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Veteran Describes What Military Budget Cuts Really Look Like From the Streets of Iraq


The Heritage Foundation has released the first of their three-part video series during "Protect America Month 2012," profiling stories of courage that showcase why we must commit to protecting the United States in an increasingly dangerous world. In this first video, Iraq War veteran Col. Kerry Kachejian describes making his way around Iraq at the height of the raging insurgency while driving in an unarmored SUV.

Col. Kachejian is the author of “SUVs Suck In Combat" where he describes, as in his Heritage interview, being part of a unit who were unequipped with combat vehicles and needed drive through some of Iraq's most dangerous streets hanging personal body armor out the window to stop or slow down a AK-47 round from insurgents.

“Without armor, when you’re moving down an Iraqi road in a sport-utility vehicle, the one thing you have is speed,” Kachejian said. “So we would drive as fast as we could, sometimes 80 to 110 miles per hour. It was somewhat like a ‘Mad Max’ movie, rolling down the road in a sport-utility vehicle.”

Heritage Foundation scholar James Carafano has called the president's purposed military budget cuts as "a gift" to America's enemies.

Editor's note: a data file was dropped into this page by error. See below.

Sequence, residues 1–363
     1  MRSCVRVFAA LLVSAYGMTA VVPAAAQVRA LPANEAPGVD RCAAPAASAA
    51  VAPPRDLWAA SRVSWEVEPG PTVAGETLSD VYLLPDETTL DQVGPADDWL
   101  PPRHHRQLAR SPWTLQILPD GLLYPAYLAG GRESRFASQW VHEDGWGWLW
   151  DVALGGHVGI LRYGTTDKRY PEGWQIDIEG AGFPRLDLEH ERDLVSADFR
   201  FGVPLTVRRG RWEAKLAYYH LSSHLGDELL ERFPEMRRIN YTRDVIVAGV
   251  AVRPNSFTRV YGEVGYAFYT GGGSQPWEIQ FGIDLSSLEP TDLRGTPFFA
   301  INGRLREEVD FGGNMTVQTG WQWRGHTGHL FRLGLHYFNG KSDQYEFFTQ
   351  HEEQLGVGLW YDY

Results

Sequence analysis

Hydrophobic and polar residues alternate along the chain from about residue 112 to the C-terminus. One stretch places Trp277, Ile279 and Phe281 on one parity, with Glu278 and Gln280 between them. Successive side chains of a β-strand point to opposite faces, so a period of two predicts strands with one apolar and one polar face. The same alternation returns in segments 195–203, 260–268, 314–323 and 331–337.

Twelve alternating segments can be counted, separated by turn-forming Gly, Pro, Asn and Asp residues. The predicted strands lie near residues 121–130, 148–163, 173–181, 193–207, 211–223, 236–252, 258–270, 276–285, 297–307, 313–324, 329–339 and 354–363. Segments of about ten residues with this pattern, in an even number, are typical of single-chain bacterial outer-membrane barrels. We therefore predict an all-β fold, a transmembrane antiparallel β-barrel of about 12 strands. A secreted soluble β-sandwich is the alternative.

“America’s military went into Iraq unprepared for the aftermath that followed because we had underinvested in defense for almost a decade,” Carafano said. “We took a peace dividend after the Cold War that cut too deep—compromised readiness and underinvested in the equipment and training our men and women in uniform needed.”

“When you come out of war,” Col. Kachejian said to Heritage, “there’s always a risk because of potential budget cuts that you’ll cut too far. You don’t want to cut so drastically that we wind up with a situation that we would up with after Vietnam, where much of the Army had money to go out and do physical fitness training, to wash their trucks and paint rocks. … We’ve got to have a ready and relevant military.”

The president's final budget request of his first term calls for $1.2 trillion in automatic 10-year spending cuts, half of which come from military programs, to kick in next January unless the White House and Congress agree to alternative savings.

Secretary of Defense Leon Panetta has said it would be irresponsible if Congress doesn't act to prevent the drastic military cuts agreed upon last August during the debt-crisis. These cuts call for defense cuts of $487 billion over a decade. After the so-called congressional "supercommittee" failed to come up with at least $1.2 trillion in savings, the automatic cuts kick-in next January.


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